The whole context of the discussion seems to exclude higher order tasks. Either you’re memorizing facts, or you’re looking them up on the internet.
Your whole riff on figuring out an ethical way to reuse and remix makes no sense to me. Of course we know how to do that. It is called citation. You know, the research process, with the little notecards and the annoying footnotes and bibliography?
I’m a student very passionate about learning (all the time) and education (sometimes)… so it’s pretty scary for me to post here…
But I just wanted to say something about students using blogs to post up answers to a test…
even without blogs those students would’ve done that anyway – typing up a blog probably took longer than a quick conversation in between classes…
By the way, I’m a good student and I don’t cheat. But I have often asked others if the test they just had was easy/hard, long/short – which you could say is if it meant I got better scores from knowing to work steadily or knowing to do a bit more study right before the test…
Will Richardson says
Tom, I’ll agree there is an all or nothingness to the argument. And I’m still not sure exactly how I feel about it all. I do know this: unless you are talking about information that we must have so that we can react appropriately in pressure situation (i.e. how much of a dose to give, the application of a particlular precident while lawyering, etc.) it makes no sense to me to test for knowledge that can be easily found as needed. What we should test is whether or not kids know how to find it, and whether or not they understand the importance of that imformation in their own lives and context. We do a cruddy job of that right now. Form the plagiarism/cheating sense, I more conflicted. It’s getting grayer for me. You’re right that it starts with process (I’m not sure if notecards are the best answer for that any more, but) and it comes with teaching that process appropriately. But it’s more complex than that. There is so much more information out there right now, and we have to do a lot of work yet to figure out how that fact changes things. To simply say that we can stick with what’s worked is to say that we should stick with the whole model of traditional education which is now over 100 years old.
Marco Polo says
If “learning” means simply getting information, then, as long as kids have access to the Internet and/or good libraries, there’s no need for school. In this sense, I agree with David Warlick’s comment (tho I’d add they can use the Internet too). So what happened to the idea that the purpose of education is to teach children to think? Test questions could then either actually provide the “answers”, the facts needed to answer the question, and require the test-takers to put together these facts/pieces of information to make a convincing argument or theory. Another idea might be to set the test to a class as a whole, and have them work out answers, using collaboration and collaborative tools (e.g. Wikis). It’s a tricky balance, tho, because you can’t ask children who are too young, who have not developed the mental structures required to properly process information; it’s like requiring babies to walk before they can crawl – they’ll end up deformed.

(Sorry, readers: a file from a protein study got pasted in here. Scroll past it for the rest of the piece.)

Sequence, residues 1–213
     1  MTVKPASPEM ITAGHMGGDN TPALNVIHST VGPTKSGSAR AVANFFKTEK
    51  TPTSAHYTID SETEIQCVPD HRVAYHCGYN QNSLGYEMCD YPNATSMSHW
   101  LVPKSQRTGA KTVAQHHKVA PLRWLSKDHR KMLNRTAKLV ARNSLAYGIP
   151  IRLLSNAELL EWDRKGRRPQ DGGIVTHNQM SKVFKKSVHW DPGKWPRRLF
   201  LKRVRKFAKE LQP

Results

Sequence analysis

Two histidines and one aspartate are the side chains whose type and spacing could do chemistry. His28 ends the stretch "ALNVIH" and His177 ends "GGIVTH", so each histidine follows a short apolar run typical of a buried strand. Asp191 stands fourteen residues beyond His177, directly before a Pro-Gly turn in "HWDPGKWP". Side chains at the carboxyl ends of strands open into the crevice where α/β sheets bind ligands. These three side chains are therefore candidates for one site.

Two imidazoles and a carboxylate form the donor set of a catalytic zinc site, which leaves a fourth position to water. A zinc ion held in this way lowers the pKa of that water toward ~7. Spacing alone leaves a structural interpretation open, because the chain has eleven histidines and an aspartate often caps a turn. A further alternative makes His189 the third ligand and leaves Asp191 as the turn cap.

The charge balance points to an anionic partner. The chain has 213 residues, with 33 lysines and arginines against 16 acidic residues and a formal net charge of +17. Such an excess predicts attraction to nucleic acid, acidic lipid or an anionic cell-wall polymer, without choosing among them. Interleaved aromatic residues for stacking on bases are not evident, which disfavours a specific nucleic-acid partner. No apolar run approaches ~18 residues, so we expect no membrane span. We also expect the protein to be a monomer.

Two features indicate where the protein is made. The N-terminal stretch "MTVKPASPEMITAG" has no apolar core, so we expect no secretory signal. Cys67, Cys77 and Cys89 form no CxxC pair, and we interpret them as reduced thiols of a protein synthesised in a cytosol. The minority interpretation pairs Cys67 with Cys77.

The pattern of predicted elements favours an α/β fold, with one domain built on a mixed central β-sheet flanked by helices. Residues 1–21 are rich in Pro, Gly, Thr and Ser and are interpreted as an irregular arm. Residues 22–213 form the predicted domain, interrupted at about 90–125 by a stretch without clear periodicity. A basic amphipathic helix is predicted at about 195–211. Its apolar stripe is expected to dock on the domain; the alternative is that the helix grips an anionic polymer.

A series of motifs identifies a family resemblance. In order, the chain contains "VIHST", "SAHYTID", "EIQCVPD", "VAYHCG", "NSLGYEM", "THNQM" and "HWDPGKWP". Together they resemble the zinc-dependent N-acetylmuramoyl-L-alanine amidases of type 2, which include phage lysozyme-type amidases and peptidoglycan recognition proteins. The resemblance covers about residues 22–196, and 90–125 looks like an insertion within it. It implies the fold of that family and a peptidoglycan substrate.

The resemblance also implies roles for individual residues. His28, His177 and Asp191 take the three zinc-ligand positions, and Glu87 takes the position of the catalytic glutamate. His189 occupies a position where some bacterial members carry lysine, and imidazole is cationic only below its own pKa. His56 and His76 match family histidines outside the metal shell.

The woman’s question was not dumb, by any means; it reveals an internal dilemma that she (and many, many others) gradually become aware of: the mind-boggling limitations on learning that are placed on children by the educational institutions they attend, indeed, some of these limits are intrinsic to educational institutions (e.g. “periods”, marked by bells which signal when “learning” begins and ends!).
Marco Polo says
Borderland has an interesting post on testing. Borderland is a teacher in Alaska. Actually (s)he has a couple of ’em, maybe starting here and then here and then here
I didn’t plan to join this discussion when I first saw it, but since Marco Polo recommended something I had to say, I guess I’ll jump in as well.
My position on cheating is unambiguous. Don’t – even where tests that you don’t like are concerned. It’s an ethical matter, and shouldn’t be compromised.
My position on testing is more complicated, but my thinking can be summarized by saying that I don’t disagree with testing per se, but with the uses of tests to rank and punish in the name of accountability. Most tests don’t measure exactly what they claim to. All tests are biased. Every paper and pencil test is a reading test. That being said, some well-constructed tests, fairly administered and thoughtfully interpreted, can provide us with useful information about a student’s conceptual knowledge. Most importantly, students can and should be taught to read tests and test results so that they can form their own conclusions about their performance. This is a key component of critical literacy – talking back to any text and challenging its unspoken assumptions.
What happens when test performance is equated with simply “getting the right answer” is that knowledge is confused with understanding. Most well-constructed tests would ask a student for more than simple information, but would somehow require an application of what they know. It’s hard to fake that, even if you know the questions ahead of time.